“ Two Separate Societies: One in Prison, One Not”; Marie Gottschalk provides this opinion piece in the Washington Post. Here’s the intro:
Forty years ago, the Kerner Commission concluded in its landmark study of the causes of racial disturbances in the United States in the 1960s: “Our nation is moving toward two societies, one black, one white — separate and unequal.” Today we are still moving toward two societies: one incarcerated and one not. The Pew Center on the States released a study in February showing that for the first time in this country’s history, more than one in every 100 adults is in jail or prison. According to the Justice Department, 7 million people — or one in every 32 adults — are either incarcerated, on parole or probation or under some other form of state or local supervision.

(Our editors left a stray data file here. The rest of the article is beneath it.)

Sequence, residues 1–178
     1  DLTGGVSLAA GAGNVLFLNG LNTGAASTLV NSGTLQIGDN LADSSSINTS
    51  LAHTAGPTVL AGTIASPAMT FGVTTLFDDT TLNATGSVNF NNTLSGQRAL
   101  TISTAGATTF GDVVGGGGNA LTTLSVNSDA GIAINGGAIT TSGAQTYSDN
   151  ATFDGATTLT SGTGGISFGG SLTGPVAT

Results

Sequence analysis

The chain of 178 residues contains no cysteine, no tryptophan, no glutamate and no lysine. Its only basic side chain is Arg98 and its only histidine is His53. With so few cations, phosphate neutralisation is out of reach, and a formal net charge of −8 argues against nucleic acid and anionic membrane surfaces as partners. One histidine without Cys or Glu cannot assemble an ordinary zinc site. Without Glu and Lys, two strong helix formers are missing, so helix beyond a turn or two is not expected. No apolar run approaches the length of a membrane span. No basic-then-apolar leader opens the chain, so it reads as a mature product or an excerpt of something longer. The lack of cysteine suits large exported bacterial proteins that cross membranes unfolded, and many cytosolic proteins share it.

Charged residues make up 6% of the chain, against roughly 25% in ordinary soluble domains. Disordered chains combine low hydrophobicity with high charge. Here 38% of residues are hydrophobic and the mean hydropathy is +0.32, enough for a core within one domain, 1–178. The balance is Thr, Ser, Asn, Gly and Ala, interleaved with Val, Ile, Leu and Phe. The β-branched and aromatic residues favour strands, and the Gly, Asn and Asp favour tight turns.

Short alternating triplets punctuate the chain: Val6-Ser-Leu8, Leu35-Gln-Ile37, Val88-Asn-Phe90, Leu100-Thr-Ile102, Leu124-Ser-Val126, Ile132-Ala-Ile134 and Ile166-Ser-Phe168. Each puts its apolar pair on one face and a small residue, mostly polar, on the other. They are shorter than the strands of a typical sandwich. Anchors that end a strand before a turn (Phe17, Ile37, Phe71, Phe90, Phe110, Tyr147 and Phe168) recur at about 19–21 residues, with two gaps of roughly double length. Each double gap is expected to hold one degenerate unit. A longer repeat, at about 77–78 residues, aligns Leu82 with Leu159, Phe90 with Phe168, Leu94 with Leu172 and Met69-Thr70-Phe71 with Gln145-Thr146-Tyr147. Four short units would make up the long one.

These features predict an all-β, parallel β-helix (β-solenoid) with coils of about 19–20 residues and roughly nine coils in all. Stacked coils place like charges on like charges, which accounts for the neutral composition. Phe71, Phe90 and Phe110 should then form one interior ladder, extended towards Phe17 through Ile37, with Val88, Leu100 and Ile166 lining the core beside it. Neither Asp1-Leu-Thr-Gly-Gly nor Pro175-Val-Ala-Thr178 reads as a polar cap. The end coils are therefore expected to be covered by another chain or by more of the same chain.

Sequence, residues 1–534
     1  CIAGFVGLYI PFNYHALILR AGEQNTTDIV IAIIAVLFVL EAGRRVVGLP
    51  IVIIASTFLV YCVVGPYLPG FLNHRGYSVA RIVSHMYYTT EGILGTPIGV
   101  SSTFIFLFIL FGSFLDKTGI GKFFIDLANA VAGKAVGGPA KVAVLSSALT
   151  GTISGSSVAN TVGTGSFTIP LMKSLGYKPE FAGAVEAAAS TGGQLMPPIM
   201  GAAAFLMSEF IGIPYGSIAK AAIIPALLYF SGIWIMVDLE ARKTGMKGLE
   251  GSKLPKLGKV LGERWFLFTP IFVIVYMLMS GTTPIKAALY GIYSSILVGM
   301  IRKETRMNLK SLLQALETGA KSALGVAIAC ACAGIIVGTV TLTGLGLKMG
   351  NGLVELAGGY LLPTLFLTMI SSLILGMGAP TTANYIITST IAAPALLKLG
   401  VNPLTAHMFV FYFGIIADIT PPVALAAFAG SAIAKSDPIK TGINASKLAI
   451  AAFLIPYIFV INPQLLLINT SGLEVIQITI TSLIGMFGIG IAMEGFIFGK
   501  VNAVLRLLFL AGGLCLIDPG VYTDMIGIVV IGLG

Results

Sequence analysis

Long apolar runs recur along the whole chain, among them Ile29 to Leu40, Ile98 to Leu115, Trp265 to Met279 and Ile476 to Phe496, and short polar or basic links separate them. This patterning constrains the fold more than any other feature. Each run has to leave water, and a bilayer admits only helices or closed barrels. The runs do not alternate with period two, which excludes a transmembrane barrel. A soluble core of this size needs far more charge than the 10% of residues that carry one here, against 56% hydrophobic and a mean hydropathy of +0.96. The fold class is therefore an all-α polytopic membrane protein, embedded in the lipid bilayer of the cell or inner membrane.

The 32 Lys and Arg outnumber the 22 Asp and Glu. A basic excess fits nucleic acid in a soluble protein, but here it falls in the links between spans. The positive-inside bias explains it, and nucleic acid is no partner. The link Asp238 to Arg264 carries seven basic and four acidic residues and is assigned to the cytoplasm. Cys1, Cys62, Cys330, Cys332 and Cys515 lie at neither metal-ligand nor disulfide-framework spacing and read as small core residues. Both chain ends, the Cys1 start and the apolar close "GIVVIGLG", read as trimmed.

And Sentencing Law and Policy notes this article, from The Detroit News: “Bulging prisons drain Michigan’s budget; State faces hard choices as get-tough laws put more behind bars.” See my prior posts here and here for more about other states grappling with the high costs of prisons.